50 Shades of Chesterton
Visitors to the Gaia Napa Valley Hotel and Spa won't find the Gideon Bible in the nightstand drawer. Instead, on the bureau will be a copy of "An Inconvenient Truth,'' former Vice President Al Gore's book about global warming.
While the eyes of the world are beginning to focus on London for the 2012 Olympic Games, my attention is diverted north toward the Lake District of England. This is where you’ll find the Damson Dene Hotel, a 40-bedroom retreat that has made the bold decision to replace the Gideon Bible in each room with the smash hit “Fifty Shades of Grey” by E. L. James.
On his blog Innkeeper Jonathan Denby explained the decision noting the world is a more secular place, no one reads the bible (some even dislike that it’s in their room), and that “Fifty Shades of Grey” is something everyone seems to want to read at the moment.
While I haven't read it, the racy new book sounds ultimately like awfully heteronormative stuff, according to its Wikipedia page. If it's the new Bible in the rooms of the Damson Dene hotel, which pages will Ian McKellen rip out if he ever checks in there?
When openly gay actor Sir Ian McKellen (Gandalf in Lord of the Rings, among other memorable roles) stays in a hotel with a Bible in the nightstand drawer, he rips out pages that contain a certain passage from Leviticus, according to a new interview with the actor by Details magazine.
(The passage says: "Do not lie with a man as one lies with a woman; that is detestable," as translated by the New International Version; the King James Version uses the word "abominable.")
As Umberto Eco wrote in 2005, "G K Chesterton is often credited with observing: 'When a man ceases to believe in God, he doesn’t believe in nothing. He believes in anything.' Whoever said it – he was right. We are supposed to live in a sceptical age. In fact, we live in an age of outrageous credulity."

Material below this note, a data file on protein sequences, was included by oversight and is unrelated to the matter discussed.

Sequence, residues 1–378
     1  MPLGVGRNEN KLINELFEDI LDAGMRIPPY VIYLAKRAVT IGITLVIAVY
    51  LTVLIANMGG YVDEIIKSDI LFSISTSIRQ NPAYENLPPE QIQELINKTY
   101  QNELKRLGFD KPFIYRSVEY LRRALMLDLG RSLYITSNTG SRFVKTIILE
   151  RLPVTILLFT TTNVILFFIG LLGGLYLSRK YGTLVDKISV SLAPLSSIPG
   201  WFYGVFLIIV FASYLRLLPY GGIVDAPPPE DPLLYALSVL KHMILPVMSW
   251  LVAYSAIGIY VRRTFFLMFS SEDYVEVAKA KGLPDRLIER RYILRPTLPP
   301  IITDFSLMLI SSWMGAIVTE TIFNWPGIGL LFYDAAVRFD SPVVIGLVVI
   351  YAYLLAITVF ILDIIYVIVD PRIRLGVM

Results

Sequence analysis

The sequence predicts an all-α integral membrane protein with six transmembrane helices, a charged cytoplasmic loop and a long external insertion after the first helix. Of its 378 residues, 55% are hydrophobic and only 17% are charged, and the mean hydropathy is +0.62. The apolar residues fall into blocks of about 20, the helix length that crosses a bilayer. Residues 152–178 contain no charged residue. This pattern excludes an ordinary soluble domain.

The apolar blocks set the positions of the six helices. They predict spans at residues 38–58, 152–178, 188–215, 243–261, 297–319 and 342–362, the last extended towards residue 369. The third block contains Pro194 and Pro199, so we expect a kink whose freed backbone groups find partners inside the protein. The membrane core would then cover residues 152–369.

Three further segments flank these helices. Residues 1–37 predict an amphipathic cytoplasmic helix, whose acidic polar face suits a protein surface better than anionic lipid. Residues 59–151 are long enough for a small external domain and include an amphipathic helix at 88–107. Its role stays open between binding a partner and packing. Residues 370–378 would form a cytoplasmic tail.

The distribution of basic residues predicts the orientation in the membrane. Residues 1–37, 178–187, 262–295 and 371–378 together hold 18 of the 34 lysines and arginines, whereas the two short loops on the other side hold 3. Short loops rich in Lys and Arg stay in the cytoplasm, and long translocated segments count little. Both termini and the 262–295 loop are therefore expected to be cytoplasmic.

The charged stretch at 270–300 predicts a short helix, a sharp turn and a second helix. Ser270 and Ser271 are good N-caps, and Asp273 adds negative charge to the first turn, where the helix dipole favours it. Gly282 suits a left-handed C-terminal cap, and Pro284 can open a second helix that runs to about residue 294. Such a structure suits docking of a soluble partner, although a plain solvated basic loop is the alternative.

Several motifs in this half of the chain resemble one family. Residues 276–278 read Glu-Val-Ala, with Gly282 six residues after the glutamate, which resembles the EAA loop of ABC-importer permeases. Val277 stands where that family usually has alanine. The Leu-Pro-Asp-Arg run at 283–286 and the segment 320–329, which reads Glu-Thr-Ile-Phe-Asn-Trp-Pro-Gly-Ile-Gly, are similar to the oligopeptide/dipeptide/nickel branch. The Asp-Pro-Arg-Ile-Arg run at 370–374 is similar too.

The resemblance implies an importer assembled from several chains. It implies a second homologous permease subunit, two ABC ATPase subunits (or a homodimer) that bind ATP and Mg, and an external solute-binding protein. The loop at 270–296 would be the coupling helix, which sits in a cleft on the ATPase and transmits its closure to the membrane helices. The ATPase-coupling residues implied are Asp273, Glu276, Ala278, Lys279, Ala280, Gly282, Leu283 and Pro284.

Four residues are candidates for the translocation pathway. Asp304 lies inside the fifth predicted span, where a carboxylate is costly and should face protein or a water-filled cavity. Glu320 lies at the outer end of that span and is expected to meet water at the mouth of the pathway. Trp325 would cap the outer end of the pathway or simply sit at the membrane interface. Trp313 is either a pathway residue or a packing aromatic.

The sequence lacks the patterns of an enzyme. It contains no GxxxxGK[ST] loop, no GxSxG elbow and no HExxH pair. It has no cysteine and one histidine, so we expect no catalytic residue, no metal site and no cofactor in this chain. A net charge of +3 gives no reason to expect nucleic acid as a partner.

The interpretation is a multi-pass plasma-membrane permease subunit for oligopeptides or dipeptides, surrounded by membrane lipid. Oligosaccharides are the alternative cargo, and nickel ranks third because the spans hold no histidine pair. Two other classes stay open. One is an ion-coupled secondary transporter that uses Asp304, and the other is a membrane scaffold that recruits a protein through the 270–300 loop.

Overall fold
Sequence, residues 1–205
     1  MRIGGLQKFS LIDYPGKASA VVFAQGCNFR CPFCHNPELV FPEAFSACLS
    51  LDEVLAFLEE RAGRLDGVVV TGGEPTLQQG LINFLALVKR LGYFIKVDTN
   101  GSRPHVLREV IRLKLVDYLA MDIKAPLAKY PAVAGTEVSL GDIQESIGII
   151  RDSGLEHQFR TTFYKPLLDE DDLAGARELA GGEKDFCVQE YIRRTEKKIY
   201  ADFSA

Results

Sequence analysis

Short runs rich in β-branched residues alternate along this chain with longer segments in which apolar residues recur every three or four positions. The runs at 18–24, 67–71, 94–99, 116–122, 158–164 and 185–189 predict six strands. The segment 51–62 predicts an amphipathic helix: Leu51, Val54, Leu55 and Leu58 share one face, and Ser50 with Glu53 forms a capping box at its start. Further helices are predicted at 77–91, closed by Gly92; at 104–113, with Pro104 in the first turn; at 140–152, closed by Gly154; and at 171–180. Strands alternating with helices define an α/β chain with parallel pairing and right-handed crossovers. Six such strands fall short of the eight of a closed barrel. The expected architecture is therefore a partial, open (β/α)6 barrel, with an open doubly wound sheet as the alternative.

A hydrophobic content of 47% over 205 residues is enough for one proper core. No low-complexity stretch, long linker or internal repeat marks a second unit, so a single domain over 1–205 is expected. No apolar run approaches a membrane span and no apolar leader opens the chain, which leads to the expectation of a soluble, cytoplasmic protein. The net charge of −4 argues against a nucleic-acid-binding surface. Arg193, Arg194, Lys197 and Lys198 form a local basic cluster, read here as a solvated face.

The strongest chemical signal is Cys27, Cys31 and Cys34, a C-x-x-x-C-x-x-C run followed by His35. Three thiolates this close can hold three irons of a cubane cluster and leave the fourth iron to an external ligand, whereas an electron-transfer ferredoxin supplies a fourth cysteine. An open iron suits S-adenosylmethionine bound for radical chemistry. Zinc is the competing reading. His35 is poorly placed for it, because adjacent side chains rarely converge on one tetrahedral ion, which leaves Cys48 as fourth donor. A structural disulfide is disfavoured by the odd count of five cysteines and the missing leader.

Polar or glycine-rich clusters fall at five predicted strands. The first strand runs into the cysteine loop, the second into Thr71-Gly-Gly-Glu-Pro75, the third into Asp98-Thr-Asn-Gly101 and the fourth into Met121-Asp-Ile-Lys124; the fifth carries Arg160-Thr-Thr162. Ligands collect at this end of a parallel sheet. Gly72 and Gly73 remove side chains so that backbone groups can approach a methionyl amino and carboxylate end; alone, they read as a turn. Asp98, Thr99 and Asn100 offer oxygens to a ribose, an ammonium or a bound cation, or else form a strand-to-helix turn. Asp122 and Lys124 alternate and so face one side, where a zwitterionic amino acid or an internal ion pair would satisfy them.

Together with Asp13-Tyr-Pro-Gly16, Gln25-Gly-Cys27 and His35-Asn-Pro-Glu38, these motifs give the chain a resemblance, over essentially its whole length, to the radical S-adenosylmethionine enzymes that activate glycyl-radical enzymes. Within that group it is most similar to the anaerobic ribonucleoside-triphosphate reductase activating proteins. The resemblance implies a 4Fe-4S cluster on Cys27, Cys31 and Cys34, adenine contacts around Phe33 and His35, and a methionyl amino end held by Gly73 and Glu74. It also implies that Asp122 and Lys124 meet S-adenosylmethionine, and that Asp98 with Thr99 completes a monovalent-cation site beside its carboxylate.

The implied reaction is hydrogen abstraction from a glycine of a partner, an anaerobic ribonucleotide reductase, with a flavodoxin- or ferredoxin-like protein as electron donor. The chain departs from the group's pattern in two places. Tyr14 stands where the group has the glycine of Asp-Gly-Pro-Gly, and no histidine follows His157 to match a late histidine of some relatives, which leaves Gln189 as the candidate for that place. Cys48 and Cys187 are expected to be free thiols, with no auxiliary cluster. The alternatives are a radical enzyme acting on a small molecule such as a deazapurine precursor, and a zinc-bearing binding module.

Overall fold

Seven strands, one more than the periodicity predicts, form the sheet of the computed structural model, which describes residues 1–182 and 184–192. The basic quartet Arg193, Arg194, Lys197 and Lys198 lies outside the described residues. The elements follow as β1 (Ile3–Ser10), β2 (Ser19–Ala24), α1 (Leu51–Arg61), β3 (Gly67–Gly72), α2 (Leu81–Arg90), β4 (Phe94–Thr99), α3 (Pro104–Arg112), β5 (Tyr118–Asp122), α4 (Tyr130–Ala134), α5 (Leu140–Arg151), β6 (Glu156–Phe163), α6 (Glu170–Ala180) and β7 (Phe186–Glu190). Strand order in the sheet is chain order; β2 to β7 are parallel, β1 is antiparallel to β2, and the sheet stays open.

And one in which you can check out anytime you like, but you can never leave.
Related: At The Catholic Thing.org, George J. Marlin on "The Original Godless Terrorists."
Update: The Insta-Professor in the New York Post on "Those shocking bourgeois values:"
In one traditional form of pornography, from the Victorian “A Man With a Maid” to the more recent “Fifty Shades of Grey,” a young woman is initiated — sometimes uncomfortably — into the mysteries of adult sexuality. In the end she is, at some level at least, grateful for the new horizons that’ve opened up to her.
Well, we still have that. But let’s face it — porn has gotten pretty boring.
The sex lives of many average Americans today would shock Grandma. And the depiction of sex in popular media has reached the numbing-point. A 2012 issue of Cosmo would’ve seemed obscene in most places 50 years ago. To most moderns, it’s just dull.
Nowadays, you can’t really shock with sex. Even gay sex has gone from edgy to ho-hum. No, if you want to make an impression, it takes something really exotic, like . . . traditional middle-class values.
In the 19th century, the rallying cry of the avant-garde left was "shock the bourgeois" -- but now that they are the bourgeois, we're seeing how easily they themselves are shocked. (Heck, just support your local Chick-fil-A.)